Pregnancy at 40 and Beyond – Risks and Precautions

It is more difficult for women to conceive as they age. Pregnancy after 40 also increases the possibility of miscarriage and Down syndrome for the baby. The spontaneous miscarriage rate for women in their 20’s is 5-10%, but this number increases to 33% for women at age 40 (SCCRM). Even so, there are programs helping women in their 40’s conceive, carry full-term, and give birth to healthy babies. It’s actually becoming more common today than ever. Click here to learn about one such program that is getting great results.

Medical Risks

Aside from the conceiving difficulties and increased miscarriage rate, older women may also go through medical complications during their pregnancy. There is a higher risk of getting hypertension and gestational diabetes. Placenta previa is another risk, where the placenta is placed in the lower uterus instead of the upper. These medical conditions may increase the need for getting a C-section instead of a natural childbirth.

Pregnancy after 40 is further complicated if the woman is obese or has other health problems. Even if she does conceive, there is a possibility that the DNA inside her eggs have been damaged. Past the age of 38, a woman is far more likely to produce a child who has genetic disabilities or Down syndrome. As a women ages, her eggs are older and thus at greater risk of abnormal chromosome division. For example, the chance of a Down syndrome child is 1:400 for a 35 year old. At 45, the risk rises to 1:35 (Mayo Clinic). Although most Down syndrome babies are born to those under 35 due to the increase number of births at that age compared to older.

Precautions

Despite numerous risks associated with pregnancy after 40, there are still plenty of women who choose to go ahead with having a baby. The key to having a successful birth during older age is by being aware of all the risks associated with this type of pregnancy and following a program that will keep you fit and healthy during pregnancy to increase your chance of having a successful pregnancy. Visit a certified midwife or physician to discuss all the possibilities of pregnancy after 40.

Taking a health history test is important for assessing any problems that may potentially affect your pregnancy. The doctor may take blood samples to test for rubella immunity and chronic conditions. The person’s social habits will also need to be reviewed, such as their nutrition, alcohol consumption, and smoking habits. If the woman is not living healthily, it can increase the chance of complications during pregnancy. A doctor may recommend to you stop smoking and drinking if you are thinking about conceiving.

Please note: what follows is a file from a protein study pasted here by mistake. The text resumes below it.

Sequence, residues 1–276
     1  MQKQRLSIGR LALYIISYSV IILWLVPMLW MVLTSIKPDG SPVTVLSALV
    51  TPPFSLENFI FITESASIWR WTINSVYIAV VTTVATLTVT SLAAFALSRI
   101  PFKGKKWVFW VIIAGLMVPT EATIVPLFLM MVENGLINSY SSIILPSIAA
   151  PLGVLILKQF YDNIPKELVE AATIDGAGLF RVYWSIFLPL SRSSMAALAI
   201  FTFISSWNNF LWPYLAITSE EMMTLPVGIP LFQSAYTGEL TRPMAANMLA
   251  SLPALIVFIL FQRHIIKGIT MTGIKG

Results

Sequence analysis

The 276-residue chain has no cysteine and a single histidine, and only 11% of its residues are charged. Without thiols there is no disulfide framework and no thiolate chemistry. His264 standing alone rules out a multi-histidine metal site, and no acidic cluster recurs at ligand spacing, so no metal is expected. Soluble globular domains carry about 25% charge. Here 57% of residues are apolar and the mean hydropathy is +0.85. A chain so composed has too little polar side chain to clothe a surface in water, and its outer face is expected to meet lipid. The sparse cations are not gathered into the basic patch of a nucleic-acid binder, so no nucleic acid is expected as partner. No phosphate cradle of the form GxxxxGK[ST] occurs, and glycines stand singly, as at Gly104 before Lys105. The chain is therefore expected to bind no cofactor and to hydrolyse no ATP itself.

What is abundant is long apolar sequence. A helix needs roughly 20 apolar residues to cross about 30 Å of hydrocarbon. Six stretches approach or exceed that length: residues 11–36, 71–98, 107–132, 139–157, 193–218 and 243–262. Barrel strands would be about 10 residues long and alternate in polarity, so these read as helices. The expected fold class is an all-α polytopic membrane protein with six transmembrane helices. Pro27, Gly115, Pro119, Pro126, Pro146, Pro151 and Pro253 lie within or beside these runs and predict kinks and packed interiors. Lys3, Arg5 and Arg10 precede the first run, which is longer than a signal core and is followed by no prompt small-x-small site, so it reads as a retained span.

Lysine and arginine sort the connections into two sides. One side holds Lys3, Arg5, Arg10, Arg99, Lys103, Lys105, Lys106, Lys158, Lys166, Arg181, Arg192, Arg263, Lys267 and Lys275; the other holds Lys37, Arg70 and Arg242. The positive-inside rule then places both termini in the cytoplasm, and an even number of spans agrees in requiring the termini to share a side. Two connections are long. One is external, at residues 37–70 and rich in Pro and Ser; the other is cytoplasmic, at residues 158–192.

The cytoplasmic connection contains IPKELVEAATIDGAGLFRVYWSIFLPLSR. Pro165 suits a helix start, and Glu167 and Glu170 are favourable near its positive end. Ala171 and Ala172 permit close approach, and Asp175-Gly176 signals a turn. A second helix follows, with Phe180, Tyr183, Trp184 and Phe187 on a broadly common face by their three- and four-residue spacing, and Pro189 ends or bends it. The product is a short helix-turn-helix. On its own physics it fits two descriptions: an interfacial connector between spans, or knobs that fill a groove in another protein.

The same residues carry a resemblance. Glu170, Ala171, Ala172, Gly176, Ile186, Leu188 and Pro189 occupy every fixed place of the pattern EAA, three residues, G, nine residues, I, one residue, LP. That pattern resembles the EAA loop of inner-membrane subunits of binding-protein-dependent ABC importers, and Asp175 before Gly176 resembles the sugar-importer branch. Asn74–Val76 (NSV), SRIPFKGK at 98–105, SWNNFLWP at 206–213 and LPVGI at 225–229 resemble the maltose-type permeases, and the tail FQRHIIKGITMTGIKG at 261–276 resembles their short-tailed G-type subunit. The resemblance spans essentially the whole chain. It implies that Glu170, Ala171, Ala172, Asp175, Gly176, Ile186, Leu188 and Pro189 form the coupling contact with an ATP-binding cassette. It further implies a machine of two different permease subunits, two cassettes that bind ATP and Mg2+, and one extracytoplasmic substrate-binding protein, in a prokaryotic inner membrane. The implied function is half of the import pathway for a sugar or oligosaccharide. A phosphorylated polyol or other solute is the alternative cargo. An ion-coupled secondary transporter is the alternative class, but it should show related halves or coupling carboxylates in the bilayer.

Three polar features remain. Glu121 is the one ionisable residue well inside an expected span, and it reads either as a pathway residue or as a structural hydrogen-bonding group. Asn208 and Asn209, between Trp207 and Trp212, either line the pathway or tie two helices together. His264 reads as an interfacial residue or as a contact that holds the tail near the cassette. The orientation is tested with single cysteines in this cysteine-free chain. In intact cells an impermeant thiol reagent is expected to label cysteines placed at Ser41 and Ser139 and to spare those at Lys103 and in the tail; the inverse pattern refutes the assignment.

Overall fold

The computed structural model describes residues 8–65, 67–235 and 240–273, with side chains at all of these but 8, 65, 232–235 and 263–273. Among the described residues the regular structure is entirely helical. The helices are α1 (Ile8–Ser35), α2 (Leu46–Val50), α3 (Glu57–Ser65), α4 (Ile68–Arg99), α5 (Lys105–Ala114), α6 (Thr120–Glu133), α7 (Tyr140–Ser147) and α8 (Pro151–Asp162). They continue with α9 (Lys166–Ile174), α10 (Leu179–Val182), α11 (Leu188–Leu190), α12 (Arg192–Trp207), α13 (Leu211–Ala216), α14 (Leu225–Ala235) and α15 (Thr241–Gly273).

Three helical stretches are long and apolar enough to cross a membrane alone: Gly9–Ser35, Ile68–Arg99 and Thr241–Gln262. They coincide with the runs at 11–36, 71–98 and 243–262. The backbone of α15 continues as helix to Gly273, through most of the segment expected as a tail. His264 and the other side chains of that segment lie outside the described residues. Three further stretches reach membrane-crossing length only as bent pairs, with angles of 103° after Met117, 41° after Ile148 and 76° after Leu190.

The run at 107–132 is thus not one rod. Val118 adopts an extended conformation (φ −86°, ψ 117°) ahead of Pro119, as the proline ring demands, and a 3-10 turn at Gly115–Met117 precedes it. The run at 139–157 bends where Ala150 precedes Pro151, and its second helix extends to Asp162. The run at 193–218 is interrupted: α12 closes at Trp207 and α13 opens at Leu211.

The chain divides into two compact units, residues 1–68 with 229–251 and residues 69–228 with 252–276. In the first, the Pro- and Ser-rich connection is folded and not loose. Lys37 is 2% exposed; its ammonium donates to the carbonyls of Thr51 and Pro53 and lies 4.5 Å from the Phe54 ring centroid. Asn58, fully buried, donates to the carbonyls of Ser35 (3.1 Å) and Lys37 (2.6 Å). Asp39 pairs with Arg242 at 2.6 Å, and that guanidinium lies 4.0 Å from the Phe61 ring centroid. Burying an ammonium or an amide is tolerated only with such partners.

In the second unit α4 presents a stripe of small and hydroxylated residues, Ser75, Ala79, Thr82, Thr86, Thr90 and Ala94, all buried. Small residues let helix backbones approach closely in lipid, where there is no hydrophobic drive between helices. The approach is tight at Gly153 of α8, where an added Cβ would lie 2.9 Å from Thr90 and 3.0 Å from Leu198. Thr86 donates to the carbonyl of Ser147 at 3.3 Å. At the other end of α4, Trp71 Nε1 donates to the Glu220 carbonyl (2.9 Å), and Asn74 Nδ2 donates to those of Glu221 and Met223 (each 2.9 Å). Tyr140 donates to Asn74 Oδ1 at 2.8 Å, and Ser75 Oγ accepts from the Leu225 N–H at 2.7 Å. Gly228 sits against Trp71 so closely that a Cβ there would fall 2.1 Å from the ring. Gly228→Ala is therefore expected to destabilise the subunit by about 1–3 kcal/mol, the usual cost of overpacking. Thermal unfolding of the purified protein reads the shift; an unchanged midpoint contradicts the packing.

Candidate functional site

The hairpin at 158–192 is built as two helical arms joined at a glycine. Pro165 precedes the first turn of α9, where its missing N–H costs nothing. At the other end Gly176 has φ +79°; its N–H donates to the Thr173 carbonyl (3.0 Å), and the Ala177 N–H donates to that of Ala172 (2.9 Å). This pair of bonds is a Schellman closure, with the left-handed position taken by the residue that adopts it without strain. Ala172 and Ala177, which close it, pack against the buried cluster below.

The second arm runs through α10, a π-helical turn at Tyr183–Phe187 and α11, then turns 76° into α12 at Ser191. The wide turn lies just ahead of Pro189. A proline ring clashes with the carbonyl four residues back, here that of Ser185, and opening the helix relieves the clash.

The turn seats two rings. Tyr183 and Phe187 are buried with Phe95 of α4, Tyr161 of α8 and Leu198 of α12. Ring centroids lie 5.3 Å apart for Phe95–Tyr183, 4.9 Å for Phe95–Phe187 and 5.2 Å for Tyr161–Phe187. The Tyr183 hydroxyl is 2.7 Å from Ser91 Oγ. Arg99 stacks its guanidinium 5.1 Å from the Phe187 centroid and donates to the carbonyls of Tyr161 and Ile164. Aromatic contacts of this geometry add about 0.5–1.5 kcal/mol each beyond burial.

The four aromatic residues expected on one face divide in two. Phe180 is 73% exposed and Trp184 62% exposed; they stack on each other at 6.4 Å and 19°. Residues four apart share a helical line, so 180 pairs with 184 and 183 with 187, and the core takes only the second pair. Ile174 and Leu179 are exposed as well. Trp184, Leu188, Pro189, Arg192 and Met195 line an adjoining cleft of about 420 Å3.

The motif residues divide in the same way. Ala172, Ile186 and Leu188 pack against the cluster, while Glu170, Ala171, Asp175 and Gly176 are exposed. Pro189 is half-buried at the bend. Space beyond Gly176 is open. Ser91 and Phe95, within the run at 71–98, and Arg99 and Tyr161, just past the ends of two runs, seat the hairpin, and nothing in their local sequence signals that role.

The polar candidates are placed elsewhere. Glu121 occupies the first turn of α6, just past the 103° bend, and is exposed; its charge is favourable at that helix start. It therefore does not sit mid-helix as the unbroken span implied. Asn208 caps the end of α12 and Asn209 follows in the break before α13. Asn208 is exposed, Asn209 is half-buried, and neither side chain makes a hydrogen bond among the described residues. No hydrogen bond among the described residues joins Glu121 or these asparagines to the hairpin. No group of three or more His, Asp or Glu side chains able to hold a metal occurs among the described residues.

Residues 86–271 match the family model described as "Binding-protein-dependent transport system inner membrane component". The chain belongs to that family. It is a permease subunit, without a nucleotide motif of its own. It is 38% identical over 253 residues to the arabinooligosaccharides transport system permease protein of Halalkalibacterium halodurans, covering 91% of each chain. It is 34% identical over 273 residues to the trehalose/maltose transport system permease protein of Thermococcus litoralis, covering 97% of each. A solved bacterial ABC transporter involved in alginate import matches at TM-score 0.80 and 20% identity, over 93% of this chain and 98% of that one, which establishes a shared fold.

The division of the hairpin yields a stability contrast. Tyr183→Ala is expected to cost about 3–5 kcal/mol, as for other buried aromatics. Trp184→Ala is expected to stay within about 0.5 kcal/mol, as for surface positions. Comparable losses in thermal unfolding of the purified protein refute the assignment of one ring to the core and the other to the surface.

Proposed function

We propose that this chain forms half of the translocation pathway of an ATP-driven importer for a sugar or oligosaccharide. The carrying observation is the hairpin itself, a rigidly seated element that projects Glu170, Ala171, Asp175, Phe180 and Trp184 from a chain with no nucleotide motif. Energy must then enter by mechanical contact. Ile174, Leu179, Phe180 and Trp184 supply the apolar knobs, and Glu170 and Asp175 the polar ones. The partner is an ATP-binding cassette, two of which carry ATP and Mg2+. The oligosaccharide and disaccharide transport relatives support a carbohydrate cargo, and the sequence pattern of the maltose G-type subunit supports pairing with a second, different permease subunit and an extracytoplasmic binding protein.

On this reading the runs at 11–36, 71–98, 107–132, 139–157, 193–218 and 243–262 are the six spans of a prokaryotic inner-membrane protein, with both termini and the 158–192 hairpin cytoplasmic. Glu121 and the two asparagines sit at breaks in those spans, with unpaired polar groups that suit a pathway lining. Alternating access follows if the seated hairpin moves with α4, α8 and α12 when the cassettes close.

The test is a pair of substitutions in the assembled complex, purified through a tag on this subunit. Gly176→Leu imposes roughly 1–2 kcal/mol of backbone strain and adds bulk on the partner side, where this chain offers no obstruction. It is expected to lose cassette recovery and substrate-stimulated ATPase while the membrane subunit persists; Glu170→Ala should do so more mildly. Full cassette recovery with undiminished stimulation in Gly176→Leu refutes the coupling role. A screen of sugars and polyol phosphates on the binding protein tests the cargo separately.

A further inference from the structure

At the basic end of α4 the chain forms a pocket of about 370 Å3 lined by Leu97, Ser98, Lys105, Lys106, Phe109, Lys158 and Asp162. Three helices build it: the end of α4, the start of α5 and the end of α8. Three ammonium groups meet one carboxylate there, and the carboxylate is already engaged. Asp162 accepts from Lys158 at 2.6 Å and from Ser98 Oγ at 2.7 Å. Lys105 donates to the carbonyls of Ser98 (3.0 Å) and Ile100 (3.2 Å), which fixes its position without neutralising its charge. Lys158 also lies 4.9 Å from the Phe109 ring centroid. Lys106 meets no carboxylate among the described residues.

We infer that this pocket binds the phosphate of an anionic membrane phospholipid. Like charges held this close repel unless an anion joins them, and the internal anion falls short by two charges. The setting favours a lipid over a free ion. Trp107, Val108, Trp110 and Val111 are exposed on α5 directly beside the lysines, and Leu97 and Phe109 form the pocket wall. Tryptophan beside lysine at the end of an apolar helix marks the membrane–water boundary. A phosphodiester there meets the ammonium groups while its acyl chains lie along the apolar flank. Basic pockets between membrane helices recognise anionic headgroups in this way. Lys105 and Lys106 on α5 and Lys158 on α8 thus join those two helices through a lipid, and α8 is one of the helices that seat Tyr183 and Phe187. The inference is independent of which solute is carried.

Meeting with a genetics counselor is another important step before getting pregnant and those looking for information on pregnancy over 40. This counselor will explain and calculate the genetic risks that come from your family history and maternal age. Staying fit and eating healthily during pregnancy is advantageous for any pregnant woman, but it is even more beneficial past the age of 40. If a woman is overweight, the doctor may recommend weight loss before trying to conceive.

Women should understand that some risks could be avoided, while others cannot be altered. For example, an obese person has a greater chance of developing gestational diabetes, so precautions should be taken for losing weight. Chromosomal abnormality risks cannot be altered, since it is related to the woman’s genes and age.

For the majority of cases, having a child during the late 30’s and early 40’s is uncomplicated and safe. However, women should be aware of the risks before making this decision. Although there are risks for postponing mother hood until later in life, many women such as those in Lisa Olson’s program are successfully conceiving and getting pregnant well into their 40’s.